The modern political environment is not the first time America’s paranoia has infected the world, as a new book from Markosia, Horror: The First Time America’s Paranoia Infected The World, written by Australian author Phil Hore, recounts. This new book offers a fresh take on American censorship of comics in the 1950s, and its impact worldwide.
Every generation the media is blamed for the unruly behaviour of the young. In the 1980s it was Heavy Metal; during the 1990s, it was rap and computer games. But, as many regular downthetubes readers know, there was once a time when comic books were branded Public Menace Number One, too.
Statistics show a staggering one hundred million Americans were reading the newspaper comic section every day in the 1950s, making them the most dominant art form at the time. In comparison, movies only managed an audience of some 90 million a week – less than one-sixth that of comics.
Sadly, US Senate Hearings into juvenile delinquency would not only change the US comic industry forever, it inspired an age of true horror across the globe, allowing government sanctioned witch hunts to destroy the lives of everyday people looking for hidden perils in a seemingly dangerous world.
With a cast that includes Alfred Hitchcock, Orson Welles, Joseph McCarthy, America’s first serial killer, Albert Fish, Stan ‘The Man’ Lee and many others, publisher Markosia tells us Horror: The First Time America’s Paranoia infected The World is a tale based on the true stories of those affected by these strange times.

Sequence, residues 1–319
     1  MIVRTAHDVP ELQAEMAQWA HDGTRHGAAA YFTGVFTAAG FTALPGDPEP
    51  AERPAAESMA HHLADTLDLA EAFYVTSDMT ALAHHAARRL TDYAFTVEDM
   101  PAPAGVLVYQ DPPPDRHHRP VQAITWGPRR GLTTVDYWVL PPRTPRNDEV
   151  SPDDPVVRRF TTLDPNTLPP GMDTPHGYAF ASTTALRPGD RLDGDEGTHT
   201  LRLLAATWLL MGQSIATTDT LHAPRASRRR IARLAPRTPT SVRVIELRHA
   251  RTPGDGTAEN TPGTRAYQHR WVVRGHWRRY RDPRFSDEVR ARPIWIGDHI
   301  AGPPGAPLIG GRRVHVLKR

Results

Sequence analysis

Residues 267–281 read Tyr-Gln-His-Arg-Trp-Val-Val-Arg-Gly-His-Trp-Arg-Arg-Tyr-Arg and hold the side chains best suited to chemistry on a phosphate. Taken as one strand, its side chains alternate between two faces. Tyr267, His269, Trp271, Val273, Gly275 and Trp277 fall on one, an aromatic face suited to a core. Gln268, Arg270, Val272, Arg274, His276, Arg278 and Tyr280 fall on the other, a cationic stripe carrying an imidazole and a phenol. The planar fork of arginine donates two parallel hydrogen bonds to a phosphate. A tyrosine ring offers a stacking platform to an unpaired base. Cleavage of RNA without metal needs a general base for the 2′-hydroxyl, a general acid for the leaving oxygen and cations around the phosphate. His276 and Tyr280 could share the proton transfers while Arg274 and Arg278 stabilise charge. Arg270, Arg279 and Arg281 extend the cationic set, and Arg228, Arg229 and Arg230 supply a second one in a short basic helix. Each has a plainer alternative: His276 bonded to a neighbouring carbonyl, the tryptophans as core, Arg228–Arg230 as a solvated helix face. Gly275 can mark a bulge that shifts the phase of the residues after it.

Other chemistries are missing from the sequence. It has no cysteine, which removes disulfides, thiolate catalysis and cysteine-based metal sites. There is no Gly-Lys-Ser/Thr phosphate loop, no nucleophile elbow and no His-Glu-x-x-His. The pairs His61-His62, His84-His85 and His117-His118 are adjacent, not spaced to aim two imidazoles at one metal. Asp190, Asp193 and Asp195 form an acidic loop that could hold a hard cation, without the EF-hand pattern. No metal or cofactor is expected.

According to publicity materials received, the book, released earlier this year, includes new information on actions taken against comic publishers, not just in the United States, the influence of that paranoia on society – and on three boys reading comics during this time.
Born in 1969, Phil Hore likes to point out he was one of the last children born before man walked on the moon. Working at Australia’s National Dinosaur Museum since 2000 and as an educator at the Australian War Memorial since 2006, he has previously worked at Questacon Science centre and could be seen haunting the halls and specimen rooms of London’s Natural History Museum and The Smithsonian’s National Museum of Natural History. Here he even played famed palaeontologist O. C. Marsh during the Smithsonian’s centenary celebrations, and when asked why the 19th century palaeontologist was speaking with an Australian accent, happily pointed out that everyone on the 19th century spoke with an Australian accent.
Published in newspapers and magazines across the globe, since 2007 Phil has been the paleo-author for the world’s longest running dinosaur magazine, The Prehistoric Times. He has also been a comic shop manager, a cinema projectionist, a theatre technician and gutted chickens for a deli. All of these influences seem to make an appearance in his writing, especially the chicken guts bit.
• Horror: The First Time America’s Paranoia Infected The World, published by Markosia is available from all good bookshops ISBN 978-1913802448 | Buy it from AmazonUK (Affiliate Link)